(3)  Esri’s ArcGIS Living Atlas of the World has made amazing strides in content and usability since we first wrote about it here.  Most of Esri’s ArcGIS Living Atlas data is provided as streaming services instead of download, but for an increasing number of workflows, this is actually perfect.  The Living Atlas has in a few short years become probably the largest collection of spatial data on the planet, and so I recommend keeping it in mind not just for satellite imagery, but vector data as well, some of which can be downloaded, and all of it can be streamed.  Plus, you can contribute your organization’s data to the Living Atlas.  On a related note, be sure to check ArcGIS Online for imagery as well, the web GIS platform that Esri’s ArcGIS Living Atlas is based on.

(4)  The Esri Landsat Thematic Bands Web Mapping Application.   As we described in this post, through this application, you can access a variety of up-to-date and historical images in various band combinations, and save specific configurations and locations to share with others.

(5)  The USGS Earth Explorer.  While the Earth Explorer is in my view in need of improvement from the user’s perspective, it is functional and does contain a wealth of data, and sometimes is the best source for specific image sets.

(6)  The USGS Landsat Look Viewer.  I prefer the Landsat Look viewer’s interface over the Earth Explorer, as I described here.

(7)  The USGS GloVIS viewer.  I also prefer this interface over Earth Explorer.  GloVIS dates back to 2001 and was redesigned in 2017.

(8)  Landsat 8 archive on Amazon AWS.  As we described here, this has emerged as an amazing archive of data.  The user, as one might expect, is faced with a list of files rather than a fancy User Interface, but sometimes accessing specific files is exactly what one needs.

(9)  Landsat archive in Google Cloud.   Like the AWS experience, the UI is spartan but its data sets are vast, which is what one would expect from Google.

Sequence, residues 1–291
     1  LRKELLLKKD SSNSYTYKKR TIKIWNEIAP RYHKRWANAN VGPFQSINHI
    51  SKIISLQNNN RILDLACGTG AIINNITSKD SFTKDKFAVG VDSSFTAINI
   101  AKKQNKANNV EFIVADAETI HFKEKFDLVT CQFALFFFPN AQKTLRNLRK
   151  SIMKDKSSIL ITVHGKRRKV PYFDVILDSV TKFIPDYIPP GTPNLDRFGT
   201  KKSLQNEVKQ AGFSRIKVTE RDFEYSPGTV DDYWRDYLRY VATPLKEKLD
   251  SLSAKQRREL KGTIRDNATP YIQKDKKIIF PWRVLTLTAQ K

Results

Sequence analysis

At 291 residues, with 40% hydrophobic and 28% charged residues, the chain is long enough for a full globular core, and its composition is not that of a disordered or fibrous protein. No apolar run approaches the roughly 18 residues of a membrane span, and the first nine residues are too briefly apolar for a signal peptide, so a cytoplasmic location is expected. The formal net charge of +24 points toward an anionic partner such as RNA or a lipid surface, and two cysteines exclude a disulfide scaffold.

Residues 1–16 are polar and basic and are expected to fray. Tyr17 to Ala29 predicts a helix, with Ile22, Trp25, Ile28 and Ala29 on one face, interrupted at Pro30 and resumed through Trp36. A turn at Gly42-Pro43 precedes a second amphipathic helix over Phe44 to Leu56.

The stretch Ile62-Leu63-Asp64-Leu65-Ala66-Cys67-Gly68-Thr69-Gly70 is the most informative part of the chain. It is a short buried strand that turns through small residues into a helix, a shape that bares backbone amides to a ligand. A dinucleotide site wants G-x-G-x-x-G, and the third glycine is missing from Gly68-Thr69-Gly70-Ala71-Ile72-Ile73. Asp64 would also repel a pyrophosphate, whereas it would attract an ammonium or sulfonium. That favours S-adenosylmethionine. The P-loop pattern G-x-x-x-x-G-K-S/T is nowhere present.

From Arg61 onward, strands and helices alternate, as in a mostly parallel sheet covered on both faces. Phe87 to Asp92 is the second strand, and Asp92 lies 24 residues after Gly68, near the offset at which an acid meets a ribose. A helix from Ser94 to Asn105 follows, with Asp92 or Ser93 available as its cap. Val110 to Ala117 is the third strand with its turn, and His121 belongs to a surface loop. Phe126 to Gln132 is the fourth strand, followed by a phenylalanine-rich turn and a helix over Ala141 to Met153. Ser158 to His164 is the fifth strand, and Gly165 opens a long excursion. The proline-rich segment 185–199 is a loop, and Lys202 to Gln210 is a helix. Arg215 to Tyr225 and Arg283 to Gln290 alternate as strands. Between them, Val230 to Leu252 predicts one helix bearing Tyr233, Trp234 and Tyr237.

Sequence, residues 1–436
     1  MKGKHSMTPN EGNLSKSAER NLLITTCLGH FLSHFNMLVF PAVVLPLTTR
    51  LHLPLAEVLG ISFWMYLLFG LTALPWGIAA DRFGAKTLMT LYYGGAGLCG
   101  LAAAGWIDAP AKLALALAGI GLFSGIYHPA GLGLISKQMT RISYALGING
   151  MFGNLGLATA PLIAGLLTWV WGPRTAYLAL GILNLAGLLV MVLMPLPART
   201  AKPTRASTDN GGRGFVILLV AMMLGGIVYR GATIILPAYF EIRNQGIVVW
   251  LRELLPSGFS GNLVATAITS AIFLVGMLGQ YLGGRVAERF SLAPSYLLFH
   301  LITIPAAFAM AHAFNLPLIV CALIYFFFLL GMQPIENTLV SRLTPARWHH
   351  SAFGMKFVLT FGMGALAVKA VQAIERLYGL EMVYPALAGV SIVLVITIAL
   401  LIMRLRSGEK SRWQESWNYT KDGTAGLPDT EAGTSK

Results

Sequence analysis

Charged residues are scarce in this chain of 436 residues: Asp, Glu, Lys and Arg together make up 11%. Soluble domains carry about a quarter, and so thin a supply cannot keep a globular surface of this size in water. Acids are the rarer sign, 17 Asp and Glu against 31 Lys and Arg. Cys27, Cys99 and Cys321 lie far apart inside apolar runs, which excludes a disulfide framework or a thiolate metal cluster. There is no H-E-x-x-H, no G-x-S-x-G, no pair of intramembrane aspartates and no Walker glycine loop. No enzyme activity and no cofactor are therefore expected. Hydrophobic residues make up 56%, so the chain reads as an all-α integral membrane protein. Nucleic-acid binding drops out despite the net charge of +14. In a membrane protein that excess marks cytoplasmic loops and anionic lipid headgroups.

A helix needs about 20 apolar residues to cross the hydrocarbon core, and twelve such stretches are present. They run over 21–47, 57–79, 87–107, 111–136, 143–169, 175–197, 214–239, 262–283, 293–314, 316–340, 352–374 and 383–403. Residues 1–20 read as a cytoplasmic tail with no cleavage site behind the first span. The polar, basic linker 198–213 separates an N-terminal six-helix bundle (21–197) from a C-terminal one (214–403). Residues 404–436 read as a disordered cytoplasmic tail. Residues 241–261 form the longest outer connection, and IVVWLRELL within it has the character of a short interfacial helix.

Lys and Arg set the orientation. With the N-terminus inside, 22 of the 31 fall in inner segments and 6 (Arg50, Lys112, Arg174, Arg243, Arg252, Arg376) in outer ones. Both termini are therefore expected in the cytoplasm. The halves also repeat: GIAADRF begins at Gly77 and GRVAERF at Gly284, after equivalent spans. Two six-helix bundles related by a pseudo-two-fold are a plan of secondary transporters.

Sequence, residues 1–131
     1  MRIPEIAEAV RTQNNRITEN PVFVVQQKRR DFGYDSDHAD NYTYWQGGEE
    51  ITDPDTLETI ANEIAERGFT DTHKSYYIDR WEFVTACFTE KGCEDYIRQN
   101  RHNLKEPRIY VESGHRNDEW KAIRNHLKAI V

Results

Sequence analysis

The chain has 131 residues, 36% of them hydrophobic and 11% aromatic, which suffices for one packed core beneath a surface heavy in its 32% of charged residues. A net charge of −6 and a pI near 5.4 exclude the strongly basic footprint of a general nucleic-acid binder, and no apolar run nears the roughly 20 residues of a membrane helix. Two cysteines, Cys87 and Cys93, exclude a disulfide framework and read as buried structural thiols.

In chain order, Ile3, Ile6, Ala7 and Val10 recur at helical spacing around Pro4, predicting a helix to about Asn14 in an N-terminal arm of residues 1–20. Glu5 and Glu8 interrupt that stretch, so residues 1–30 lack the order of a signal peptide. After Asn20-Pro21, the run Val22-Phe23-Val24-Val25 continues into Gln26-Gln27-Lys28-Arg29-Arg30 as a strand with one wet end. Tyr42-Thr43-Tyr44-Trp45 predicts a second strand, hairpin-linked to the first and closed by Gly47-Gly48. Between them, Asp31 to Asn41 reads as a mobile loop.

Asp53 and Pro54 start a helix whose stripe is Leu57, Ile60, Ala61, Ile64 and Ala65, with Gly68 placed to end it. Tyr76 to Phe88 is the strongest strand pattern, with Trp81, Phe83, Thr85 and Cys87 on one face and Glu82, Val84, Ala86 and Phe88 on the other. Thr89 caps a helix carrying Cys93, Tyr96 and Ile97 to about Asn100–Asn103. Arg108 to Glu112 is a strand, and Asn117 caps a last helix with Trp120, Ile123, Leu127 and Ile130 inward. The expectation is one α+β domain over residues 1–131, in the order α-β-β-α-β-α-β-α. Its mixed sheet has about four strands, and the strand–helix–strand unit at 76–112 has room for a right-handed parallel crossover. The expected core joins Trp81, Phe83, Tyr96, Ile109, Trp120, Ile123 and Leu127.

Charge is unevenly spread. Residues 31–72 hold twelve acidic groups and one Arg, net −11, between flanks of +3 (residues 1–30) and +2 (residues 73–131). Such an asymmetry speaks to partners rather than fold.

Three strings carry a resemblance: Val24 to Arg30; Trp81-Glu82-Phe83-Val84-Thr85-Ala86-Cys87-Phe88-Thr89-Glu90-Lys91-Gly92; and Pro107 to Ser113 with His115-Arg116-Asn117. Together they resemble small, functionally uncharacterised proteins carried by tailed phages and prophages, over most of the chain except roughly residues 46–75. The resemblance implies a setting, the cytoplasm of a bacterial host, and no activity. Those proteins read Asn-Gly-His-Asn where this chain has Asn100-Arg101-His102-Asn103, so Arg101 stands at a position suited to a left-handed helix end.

(10)  The FAO GeoNetwork.  This site focuses on vector data sets, but its raster holdings include many useful Landsat mosaics for specific geographic areas such as countries.

(11) Remote Pixel.  This is incredibly easy to use and blazing fast to zoom, pan, and query, and largely the work of a single individual.  It is my hope that if its developer does not maintain it in the future, that someone else will, because it is so marvelous.  Fortunately, the developer shows others how to host something like this themselves.

(12)  The Copernicus Open Data Access Hub, as its name implies, focuses on Sentinel data, but if you are interested in Landsat imagery, you probably are interested in other imagery as well.

satellite_image_portals_collageA few of the image portals described in this article.   We look forward to your feedback!

–Joseph Kerski

Climate GIS Data from WorldClim.org

Some of the most sought-after GIS data sets are those on climate, and rightly so, given its importance.  Worldclim.org is one of my favorite sources.  WorldClim’s data sets include minimum and maximum temperature, average temperature, precipitation, solar radiation, wind speed, water vapor pressure, plus 19 bioclimate variables (including such items as minimum temperature of the coldest month).  The following link explains the variables: